For a couple to conceive a baby, both the male and female reproductive systems must be functioning properly. In the male this means:
The testes are two glandular organs responsible for making testosterone – the primary male sex hormone – and for generating sperm. Most men have two testes, which are suspended in the scrotum by the spermatic cords. Within the testes are coiled masses of material called seminiferous tubules. These tubes are responsible for producing sperm cells.
The epididymis is a single, narrow, tightly coiled tube (six to seven metres long) connecting the efferent ducts from the rear of each testicle to its vas deferens. It transports and stores sperm cells produced in the testes. The epididymis also brings the sperm to maturity, since the sperm that emerge from the testes are immature and incapable of fertilisation.
The vas deferens connects the left and right epididymis to the ejaculatory ducts to move sperm. Each tube is about 30cm long and muscular, and travels from the epididymis into the pelvic cavity, to just behind the bladder. During ejaculation the smooth muscle in the wall of the vas deferens contracts, pushing the mature sperm towards the penis and into the urethra.
The urethra is the tube that carries urine from the bladder to outside the body, and is about 20cm long. When the penis is erect during sex, the flow of urine is blocked from the urethra, allowing only semen to be ejaculated at orgasm.
The male accessory glands are: seminal vesicles, prostate gland and bulbourethral glands.
Sperm is the male reproductive cell that binds and fertilises a woman’s egg to produce an embryo. It consists of a head, midpiece and tail. The head contains chromosomes that will bind with the egg’s chromosomes to determine an offspring’s characteristics. Sperm also carry the X or the Y chromosome that will determine the gender of the resulting child. The tail gives the sperm cell movement and helps it to travel to, and then penetrate, the egg.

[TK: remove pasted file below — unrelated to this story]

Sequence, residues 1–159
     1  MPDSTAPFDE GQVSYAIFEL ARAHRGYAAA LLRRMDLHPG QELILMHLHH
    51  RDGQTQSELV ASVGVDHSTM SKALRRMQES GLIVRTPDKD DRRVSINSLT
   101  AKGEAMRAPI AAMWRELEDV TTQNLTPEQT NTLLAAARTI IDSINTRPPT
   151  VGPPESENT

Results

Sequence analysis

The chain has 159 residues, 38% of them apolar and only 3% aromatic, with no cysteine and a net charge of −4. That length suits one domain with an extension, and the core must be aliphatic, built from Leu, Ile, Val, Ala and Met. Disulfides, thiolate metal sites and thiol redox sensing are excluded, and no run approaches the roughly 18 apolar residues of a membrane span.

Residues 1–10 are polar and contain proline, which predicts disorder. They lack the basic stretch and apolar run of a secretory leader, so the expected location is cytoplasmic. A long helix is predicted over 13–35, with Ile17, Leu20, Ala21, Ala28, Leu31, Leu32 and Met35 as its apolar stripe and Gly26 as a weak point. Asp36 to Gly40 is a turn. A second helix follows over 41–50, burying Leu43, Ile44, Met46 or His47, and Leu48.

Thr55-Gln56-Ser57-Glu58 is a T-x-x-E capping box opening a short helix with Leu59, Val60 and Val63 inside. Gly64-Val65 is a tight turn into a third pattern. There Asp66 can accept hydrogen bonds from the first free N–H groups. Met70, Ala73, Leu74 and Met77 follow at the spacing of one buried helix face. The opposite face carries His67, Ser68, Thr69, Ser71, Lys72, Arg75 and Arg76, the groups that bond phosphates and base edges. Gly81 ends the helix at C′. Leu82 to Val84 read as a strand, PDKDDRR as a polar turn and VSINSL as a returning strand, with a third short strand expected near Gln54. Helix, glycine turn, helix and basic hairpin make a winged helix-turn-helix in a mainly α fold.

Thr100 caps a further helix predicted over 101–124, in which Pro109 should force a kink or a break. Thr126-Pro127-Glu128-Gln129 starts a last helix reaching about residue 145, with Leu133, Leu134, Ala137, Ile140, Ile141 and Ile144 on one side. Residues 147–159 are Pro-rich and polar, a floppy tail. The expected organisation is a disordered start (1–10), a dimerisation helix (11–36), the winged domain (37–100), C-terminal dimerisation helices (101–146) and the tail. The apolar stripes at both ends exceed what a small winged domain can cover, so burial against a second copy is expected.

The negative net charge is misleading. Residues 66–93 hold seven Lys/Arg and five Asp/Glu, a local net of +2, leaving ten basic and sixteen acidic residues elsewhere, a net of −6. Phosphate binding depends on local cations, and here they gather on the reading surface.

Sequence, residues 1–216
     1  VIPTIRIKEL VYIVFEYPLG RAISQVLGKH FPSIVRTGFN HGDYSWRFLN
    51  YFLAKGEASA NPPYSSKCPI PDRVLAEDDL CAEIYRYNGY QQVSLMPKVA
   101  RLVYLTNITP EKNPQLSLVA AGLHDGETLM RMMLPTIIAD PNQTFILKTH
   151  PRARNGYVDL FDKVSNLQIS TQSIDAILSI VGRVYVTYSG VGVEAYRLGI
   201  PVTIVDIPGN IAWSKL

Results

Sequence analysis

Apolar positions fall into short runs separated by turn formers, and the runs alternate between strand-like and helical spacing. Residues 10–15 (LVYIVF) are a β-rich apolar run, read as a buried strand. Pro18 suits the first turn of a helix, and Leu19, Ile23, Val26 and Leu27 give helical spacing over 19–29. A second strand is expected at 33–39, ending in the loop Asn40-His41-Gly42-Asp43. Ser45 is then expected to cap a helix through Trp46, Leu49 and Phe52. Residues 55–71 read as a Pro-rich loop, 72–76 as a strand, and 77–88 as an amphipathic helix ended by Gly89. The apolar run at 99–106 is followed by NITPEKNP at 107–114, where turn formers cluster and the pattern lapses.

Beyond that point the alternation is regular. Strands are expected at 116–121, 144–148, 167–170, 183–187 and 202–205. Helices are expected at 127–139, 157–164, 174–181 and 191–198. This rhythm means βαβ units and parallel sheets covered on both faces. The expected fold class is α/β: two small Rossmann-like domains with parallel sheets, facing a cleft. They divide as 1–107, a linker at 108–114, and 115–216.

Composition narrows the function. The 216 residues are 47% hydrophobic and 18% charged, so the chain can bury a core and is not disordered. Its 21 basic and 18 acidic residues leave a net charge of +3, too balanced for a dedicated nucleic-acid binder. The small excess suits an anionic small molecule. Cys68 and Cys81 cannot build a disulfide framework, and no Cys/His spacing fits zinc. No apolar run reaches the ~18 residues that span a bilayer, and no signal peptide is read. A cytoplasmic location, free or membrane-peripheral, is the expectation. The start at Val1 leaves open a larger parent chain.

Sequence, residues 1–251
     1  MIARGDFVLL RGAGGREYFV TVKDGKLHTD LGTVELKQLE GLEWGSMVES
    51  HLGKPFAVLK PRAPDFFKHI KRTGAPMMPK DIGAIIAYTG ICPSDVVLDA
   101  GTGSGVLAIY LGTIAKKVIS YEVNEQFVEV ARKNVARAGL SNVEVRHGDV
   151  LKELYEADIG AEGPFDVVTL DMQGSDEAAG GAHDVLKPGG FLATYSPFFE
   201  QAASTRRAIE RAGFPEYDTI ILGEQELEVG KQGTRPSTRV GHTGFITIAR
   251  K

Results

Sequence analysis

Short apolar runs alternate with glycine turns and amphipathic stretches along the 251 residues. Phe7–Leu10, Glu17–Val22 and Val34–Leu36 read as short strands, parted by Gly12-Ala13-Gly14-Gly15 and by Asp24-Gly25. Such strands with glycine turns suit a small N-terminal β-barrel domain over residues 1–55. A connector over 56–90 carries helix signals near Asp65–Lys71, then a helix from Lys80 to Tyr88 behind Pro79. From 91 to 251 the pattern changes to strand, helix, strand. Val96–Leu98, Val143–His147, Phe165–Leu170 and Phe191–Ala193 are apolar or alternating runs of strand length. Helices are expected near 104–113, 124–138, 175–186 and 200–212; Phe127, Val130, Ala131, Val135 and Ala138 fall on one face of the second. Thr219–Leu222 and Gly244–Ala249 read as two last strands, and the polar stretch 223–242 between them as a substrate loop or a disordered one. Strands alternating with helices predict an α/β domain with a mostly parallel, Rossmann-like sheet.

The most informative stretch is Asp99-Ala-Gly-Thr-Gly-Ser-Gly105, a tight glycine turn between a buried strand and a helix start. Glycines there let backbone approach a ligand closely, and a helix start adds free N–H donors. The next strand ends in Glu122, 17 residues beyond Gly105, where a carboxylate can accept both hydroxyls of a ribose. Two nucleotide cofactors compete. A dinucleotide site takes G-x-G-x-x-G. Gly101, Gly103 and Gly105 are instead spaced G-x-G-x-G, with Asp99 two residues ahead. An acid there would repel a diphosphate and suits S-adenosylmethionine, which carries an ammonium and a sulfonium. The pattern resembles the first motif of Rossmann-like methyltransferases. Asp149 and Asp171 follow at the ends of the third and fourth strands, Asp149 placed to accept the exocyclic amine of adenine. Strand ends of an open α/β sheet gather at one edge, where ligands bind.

Sperm cells may survive in the female reproductive tract for two to three days.
Semen is the fluid produced by the male reproductive tract that dilutes the concentrated sperm at ejaculation. Semen also contains other factors produced by various male glands that bathe and nourish the sperm to keep it viable.
A semen analysis evaluates the amount and quality of a man’s semen and sperm to determine his fertility. The test looks at the volume, count, motility, morphology and pH of semen and the sperm it contains.
This can give an indication of how successful your sperm may be at fertilising an egg, and what method of fertility treatment your specialist may recommend.
The World Health Organisation has set a reference guide for the standardisation of semen analysis globally. A semen sample is considered “normal” when: it exceeds 1.5ml in volume; more than 15 million sperm are counted per millilitre of semen; more than 50% of the sperm are moving in a progressively forward motion; and more than 4% of the sperm have a normal morphology (shape). *WHO 2010.
To learn more about male screening tests, visit our Sperm Test & Semen Analysis page.
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